My home theater projector has a native resolution of 1280 x 720. I'm a little confused. Can I leave the image sizes as they are and merely burn the show to the BD-R disc or do I have to resize my images to 1280X720 (720p). I have the option of setting the output of my player to 4:3 or 16:9; I don't mind the black sides. I do want my images to appear as good as they can be.
By the way, because the sensor size on my cameras is a "full 35mm size", cropping to a 16:9 aspect ratio is almost impossible (you can certainly do it, but a lot of the image gets cropped out)
Thanks for any help.
As for the 35mm cropping goes, now that I know I can create Blu-Ray media with my images I keep that in mind when shooting. I leave a little at the top or bottom of my compositions knowing that I will be cropping it out so as not to lose anything important.
geotheo wrote:What happens vertically? Will my image be cropped (or scrunched) to fit the 720 vertical dimension?
It won't be cropped, but it will be made to fit the 720 height. Going down in size isn't so bad and you shouldn't notice any quality differences. In essence, your image will now be 960 x 720, so there will be black areas on the sides making up the difference of the width from 960 to 1280, or 160 pixels of black on each side of your image.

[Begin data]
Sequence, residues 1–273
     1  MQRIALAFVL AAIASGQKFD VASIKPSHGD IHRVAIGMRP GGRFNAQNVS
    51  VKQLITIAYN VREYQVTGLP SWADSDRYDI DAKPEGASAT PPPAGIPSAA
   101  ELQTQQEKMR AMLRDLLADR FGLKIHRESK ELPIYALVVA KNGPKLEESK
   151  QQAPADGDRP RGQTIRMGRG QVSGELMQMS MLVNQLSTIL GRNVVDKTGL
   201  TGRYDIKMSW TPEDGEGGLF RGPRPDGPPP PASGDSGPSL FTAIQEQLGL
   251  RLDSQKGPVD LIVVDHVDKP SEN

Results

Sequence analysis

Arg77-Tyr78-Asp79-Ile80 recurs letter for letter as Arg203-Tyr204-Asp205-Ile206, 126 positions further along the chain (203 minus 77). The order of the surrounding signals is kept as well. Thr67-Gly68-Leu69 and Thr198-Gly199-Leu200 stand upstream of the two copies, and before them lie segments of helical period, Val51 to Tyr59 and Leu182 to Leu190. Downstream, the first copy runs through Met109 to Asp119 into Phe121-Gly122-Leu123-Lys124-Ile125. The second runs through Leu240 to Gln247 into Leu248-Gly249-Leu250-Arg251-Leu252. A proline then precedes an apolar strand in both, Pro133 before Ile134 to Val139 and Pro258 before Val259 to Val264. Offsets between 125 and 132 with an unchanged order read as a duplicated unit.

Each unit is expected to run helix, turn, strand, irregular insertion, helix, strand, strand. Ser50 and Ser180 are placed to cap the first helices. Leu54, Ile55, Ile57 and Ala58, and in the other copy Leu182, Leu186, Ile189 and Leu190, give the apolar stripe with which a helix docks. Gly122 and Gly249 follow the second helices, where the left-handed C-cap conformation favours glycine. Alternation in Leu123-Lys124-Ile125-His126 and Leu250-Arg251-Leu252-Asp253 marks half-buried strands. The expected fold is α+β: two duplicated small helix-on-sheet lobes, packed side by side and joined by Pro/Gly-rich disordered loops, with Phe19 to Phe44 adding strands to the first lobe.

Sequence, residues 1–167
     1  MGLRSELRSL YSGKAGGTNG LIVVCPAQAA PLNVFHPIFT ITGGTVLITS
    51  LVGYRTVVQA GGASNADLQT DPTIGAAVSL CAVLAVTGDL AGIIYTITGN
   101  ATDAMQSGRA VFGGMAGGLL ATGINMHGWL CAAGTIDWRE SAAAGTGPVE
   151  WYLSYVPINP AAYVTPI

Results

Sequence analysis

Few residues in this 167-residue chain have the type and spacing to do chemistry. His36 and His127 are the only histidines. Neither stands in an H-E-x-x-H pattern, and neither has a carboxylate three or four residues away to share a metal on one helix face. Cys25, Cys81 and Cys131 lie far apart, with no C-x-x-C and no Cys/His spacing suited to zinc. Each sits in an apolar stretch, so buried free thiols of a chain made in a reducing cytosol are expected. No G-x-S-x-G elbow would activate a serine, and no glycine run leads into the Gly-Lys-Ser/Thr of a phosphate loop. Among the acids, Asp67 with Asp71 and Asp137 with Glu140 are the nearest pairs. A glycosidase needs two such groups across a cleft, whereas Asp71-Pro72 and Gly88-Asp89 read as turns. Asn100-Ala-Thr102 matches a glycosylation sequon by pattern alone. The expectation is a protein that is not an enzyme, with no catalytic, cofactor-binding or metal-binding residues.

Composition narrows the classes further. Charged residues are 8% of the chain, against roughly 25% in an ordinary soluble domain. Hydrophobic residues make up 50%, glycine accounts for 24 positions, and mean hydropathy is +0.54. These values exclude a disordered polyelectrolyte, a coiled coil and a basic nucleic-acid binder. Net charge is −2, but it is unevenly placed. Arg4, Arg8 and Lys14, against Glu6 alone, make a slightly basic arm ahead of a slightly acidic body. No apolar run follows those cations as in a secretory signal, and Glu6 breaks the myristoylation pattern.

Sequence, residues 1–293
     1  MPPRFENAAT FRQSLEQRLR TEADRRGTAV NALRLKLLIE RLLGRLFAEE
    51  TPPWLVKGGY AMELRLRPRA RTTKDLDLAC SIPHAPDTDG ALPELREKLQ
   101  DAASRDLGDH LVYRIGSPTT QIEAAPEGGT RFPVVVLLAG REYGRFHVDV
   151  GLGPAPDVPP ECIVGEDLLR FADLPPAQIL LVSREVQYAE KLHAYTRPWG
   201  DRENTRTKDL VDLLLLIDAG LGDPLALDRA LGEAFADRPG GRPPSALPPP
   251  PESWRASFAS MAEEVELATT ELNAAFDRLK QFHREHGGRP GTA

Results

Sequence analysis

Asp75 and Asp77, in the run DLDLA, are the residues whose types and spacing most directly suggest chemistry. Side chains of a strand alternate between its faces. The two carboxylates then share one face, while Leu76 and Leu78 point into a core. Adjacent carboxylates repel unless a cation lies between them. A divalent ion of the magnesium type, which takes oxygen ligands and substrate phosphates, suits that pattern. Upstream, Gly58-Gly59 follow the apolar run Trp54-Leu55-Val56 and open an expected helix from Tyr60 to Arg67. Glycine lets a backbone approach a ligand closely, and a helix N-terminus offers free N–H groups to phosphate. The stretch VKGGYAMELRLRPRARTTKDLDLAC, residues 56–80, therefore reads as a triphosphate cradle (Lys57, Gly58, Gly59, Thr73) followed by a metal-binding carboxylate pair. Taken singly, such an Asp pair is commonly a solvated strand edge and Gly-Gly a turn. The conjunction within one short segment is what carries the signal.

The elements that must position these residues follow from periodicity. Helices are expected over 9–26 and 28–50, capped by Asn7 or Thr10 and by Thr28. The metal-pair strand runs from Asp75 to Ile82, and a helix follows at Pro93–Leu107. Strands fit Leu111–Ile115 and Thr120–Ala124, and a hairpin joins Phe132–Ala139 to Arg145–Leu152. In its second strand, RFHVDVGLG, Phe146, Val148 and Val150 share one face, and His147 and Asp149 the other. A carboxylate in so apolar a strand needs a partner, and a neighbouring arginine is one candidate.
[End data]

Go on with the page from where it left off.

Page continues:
Hope that makes sense.
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Welcome to the forum.
It sounds like you have a decent camera with a full size sensor. I would not have cropped my original images to 1024 x 768. You have effectively reduced your pictures to 0.79 Mpixel straight away. This leaves no room to zoom in on areas of your pictures.
I would recommend that you use the pictures within Proshow at native resolution and let Proshow take care of any reduction of resolution necessary for the output format chosen.
Thanks Al for the signature